Love songs lead to eggs at Drusillas

Two eggs are laid at Drusillas
Two eggs are laid at Drusillas
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LOVE SONGS, mirrors and extra protein were the recipe for success when keepers at Drusillas Park wanted to get their Chilean flamingos mating.

To get the feathered favourites in the mood, the zoo team began by playing them soothing love songs, including Manfred Mann’s Pretty Flamingo, Bette Midler’s Wind Beneath My Wings and seduction songs of love lyricists Barry White and Marvin Gaye.

The mega mix was played alongside pre-recorded mating vocalisations of Chilean flamingos attained from Zoo Atlanta, in Georgia.

To egg on the romance, the keepers also placed mirrors in the enclosure to create the illusion of a fuller flock.

Flamingos are very sensitive to their surroundings and feel safer in a larger group.

The keepers supplemented the flamingos’ diet with extra protein to ensure that all the birds were feeling in the pink.

They even started to build the nests and placed a fake egg on top, making sure the birds had plenty of mud to continue the job.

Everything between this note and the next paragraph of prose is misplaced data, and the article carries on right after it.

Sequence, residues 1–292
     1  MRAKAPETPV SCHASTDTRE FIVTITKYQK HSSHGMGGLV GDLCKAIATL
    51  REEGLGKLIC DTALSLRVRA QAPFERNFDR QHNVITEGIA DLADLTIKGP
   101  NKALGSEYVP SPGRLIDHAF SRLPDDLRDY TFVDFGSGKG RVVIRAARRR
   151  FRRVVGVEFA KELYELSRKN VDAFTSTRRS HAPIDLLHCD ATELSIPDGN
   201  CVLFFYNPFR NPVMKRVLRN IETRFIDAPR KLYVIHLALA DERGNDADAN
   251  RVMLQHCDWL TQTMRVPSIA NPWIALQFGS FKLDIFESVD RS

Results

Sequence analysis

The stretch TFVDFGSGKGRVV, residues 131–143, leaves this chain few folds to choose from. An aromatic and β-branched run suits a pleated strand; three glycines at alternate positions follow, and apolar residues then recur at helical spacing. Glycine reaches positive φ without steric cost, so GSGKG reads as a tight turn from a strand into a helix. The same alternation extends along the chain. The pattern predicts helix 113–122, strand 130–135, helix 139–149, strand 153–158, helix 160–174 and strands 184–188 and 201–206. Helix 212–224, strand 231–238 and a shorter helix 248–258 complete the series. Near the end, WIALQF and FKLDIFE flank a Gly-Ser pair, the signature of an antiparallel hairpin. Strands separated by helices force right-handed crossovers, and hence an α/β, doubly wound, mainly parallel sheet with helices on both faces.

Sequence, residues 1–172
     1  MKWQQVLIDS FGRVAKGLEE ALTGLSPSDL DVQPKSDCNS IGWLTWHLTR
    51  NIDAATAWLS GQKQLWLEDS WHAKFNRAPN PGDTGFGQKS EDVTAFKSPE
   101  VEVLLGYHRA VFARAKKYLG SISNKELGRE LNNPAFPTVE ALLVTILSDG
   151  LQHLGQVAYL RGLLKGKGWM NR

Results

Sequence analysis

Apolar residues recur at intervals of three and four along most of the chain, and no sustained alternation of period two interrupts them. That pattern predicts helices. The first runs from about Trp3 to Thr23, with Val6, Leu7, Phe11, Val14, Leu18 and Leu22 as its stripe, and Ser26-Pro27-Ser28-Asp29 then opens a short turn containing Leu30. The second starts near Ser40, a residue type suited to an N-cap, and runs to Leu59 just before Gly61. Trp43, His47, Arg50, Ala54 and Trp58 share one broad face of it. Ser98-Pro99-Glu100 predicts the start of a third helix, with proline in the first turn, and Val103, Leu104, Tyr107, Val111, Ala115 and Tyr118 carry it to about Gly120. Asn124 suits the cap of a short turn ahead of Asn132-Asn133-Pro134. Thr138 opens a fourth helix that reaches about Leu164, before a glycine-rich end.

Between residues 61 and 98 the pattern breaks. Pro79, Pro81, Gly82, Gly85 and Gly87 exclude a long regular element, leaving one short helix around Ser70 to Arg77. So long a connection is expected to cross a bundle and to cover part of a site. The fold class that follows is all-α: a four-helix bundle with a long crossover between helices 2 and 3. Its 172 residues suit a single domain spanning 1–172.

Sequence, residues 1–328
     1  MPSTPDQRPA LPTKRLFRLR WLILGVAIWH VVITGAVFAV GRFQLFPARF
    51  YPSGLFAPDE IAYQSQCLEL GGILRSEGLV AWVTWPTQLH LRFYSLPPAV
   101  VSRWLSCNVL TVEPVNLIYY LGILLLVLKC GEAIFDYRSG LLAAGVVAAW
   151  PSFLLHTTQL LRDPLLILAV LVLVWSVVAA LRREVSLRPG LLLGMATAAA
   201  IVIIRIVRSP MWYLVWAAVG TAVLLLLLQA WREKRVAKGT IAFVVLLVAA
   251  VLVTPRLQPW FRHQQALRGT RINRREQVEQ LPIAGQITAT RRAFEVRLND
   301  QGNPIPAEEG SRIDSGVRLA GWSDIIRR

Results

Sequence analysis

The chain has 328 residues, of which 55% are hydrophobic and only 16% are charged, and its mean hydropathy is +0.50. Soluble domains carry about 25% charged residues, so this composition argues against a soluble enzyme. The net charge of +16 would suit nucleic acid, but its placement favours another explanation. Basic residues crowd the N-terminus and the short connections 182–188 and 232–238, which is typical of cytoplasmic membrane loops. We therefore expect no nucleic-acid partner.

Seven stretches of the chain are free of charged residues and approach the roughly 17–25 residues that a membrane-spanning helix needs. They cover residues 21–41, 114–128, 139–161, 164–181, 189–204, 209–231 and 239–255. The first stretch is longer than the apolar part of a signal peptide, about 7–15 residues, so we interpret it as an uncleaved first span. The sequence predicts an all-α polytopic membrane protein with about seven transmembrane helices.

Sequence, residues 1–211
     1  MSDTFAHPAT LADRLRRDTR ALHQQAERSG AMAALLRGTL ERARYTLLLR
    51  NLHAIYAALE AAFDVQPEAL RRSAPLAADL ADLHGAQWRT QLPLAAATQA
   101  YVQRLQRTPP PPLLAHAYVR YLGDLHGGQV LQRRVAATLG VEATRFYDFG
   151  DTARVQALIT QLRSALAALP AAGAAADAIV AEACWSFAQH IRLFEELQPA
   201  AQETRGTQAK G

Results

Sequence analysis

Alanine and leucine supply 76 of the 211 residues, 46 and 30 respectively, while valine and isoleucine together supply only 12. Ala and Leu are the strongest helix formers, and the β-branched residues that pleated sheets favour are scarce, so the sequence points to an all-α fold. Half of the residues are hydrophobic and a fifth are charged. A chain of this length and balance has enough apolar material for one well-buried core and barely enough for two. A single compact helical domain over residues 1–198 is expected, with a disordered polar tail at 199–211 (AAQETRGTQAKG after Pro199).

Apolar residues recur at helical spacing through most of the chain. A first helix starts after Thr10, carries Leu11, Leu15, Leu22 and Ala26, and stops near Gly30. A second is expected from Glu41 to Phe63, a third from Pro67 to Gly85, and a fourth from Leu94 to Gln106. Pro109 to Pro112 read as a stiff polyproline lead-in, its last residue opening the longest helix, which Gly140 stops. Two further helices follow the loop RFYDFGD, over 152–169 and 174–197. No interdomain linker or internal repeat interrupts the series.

Their hard work finally paid off when the flamingos began courtship displays, which include head swinging, loud vocalisations and spreading their wings to reveal their brightly coloured feathers beneath.

This was closely followed by the arrival of two freshly laid eggs on May 9 and 14, which are likely to hatch next month following an incubation period of approximately 28 days.

Zoo manager Sue Woodgate said: “Chilean flamingos are native to western South America where populations are threatened mainly due to water pollution, interference in their wetland habitats, as well as human activity near breeding sites.

“We are thrilled that the flamingos have laid two eggs. We are keeping our fingers crossed for successful hatching and chick rearing of these beautiful birds.”

The flamingos arrived at Drusillas in 1982 and despite many notable breeding successes throughout the years, there has not been a successful hatching since 2009. This year the zoo was determined to break the cycle.